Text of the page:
03/24/2014 12:38 pm ET Updated Dec 06, 2017

No Sanctions Will Stop Russia-Crimea Reunion


Co-authored by William Witenberg a contemporary artist focused on abstract painting

President Obama on Thursday said, 'The United States is today moving, as we said we would, to impose additional costs on Russia." The New York Times reports that these new sanctions are raising the costs if Russia were to annex Crimea.

The annexation of Crimea by Russia is a fact. Neither the threat of sanctions by United States and Europe prior to the Crimean referendum, nor the first actual sanctions after Putin signed the treaty accepting Crimea into the Russia, had any effect. These new sanctions announced Thursday are equally meaningless, and one can only wonder what message is being sent.

The new American sanctions target Putin's chief of staff, two individuals who have benefited from Russian government contracts as well as Bank Rossiya, a small Russian bank that is said to have Putin as a client. When added to the 11 individuals from prior sanctions this represents American's total response to date. This is literally the reverse of Roosevelt's, "walk softly and carry a big stick." The annexation of Crimea will not be reversed because of travel bans or economic penalties to powerful political Russians whose minimal exposure to the Europe and America can not compare to the nationalist logic Putin proclaimed in describing the annexation of Crimea.

Putin responded to these sanctions by refusing to allow travel to Russia by House Speaker John Boehner, Senate Majority Leader Harry Reid, Senate Foreign Relations Committee Chairman Robert Menendez, and Sen. John McCain, as well as other senators and administration officials. John McCain joked now he had to cancel his spring break to Siberia. Well I am sure the Russians might jokingly add, and they will have to cancel their vacations to Disneyland.

If the true purpose of sanctions is to prevent any further annexations in Ukraine or send a message that sovereignty of countries on the borders of Russia must be respected then that has to be the message. But to suggest that Russia at this point can be forced to reverse course in Crimea will only serve to compound the problem.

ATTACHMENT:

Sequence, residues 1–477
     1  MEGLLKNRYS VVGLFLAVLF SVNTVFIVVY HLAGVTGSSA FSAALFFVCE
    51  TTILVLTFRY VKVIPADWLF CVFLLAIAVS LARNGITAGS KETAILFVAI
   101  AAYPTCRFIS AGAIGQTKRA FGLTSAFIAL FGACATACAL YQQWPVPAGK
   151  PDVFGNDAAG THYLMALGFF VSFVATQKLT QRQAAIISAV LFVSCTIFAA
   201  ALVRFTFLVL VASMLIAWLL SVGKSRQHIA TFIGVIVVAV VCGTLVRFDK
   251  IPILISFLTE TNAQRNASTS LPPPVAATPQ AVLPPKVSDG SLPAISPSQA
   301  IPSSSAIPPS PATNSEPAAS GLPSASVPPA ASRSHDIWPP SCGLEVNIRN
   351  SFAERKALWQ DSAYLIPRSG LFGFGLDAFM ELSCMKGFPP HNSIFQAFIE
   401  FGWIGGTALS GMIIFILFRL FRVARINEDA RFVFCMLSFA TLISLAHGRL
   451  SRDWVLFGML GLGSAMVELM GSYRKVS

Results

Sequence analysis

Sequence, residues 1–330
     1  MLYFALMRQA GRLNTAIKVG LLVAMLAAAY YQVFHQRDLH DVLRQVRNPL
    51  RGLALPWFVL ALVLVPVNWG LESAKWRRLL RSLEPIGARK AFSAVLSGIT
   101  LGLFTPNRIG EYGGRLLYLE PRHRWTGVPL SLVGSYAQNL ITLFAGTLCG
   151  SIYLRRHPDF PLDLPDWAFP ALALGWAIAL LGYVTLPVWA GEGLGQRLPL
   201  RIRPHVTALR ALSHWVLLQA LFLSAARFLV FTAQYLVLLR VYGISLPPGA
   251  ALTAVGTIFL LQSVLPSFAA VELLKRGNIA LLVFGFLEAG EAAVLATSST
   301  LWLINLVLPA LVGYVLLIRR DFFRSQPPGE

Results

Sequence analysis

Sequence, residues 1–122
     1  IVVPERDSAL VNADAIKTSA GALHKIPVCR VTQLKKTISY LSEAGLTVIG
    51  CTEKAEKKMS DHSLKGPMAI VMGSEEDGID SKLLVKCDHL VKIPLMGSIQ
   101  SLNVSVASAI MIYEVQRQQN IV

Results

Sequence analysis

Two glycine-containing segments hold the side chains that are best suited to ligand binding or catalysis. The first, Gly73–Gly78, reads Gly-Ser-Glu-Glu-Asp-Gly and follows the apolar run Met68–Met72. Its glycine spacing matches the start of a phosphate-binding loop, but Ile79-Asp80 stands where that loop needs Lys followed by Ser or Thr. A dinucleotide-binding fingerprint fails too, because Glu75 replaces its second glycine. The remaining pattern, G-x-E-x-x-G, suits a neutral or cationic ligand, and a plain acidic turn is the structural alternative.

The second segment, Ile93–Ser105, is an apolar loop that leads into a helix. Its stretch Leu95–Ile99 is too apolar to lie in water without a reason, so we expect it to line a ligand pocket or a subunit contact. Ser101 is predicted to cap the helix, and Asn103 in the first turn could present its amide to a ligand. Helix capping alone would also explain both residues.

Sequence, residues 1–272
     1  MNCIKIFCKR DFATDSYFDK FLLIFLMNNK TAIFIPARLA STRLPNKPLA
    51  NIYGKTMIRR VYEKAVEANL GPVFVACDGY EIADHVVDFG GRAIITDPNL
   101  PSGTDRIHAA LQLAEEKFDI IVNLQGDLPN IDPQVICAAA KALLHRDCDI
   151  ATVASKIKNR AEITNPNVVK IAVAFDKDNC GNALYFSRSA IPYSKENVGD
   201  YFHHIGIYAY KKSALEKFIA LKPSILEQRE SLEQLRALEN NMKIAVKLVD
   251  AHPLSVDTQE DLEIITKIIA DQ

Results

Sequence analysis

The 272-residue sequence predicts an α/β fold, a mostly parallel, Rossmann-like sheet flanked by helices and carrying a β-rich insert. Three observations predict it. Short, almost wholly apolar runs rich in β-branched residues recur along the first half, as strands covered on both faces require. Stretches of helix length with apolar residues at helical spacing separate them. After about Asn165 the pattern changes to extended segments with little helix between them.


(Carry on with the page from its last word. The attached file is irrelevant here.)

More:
Perhaps the reason these sanctions are so weak is because Russia is not Iran. Any strong sanctions will have serious consequences both for European countries and America. How great of a cost is Europe and America willing to pay to send a message to Russia?

There is no doubt that additional aggressive sanctions will bring retribution from Russia. Major American companies such as Exxon Mobil, General Electric, and Boeing are likely targets of any Russian retaliatory sanctions. At a minimum one can expect Russia's export of fossil fuels to Europe to be part of retaliatory actions from Russia. Will the European consumer accept the inevitable higher prices as a result of the need to send a message to Russia?

London is called Londongrade for a reason. So much Russian business is run through London it is not clear who needs whom more. Does London need the oligarch money more than the oligarchs need London?

With sanctions as a double edge sword it is important that the goal of sanctions be realistic. The worse outcome would be for sanctions to result in the destabilization of Ukraine, injury to European consumers, and harm to American business, without achieving a specific goal. That goal must be to prevent further intrusions by Russia into a sovereign Ukraine, a stabilized Ukraine and if the price of that is to allow the annexation of Crimea than the West must pay that price for the bigger gain of ending the potentially catastrophic effects of escalating sanctions.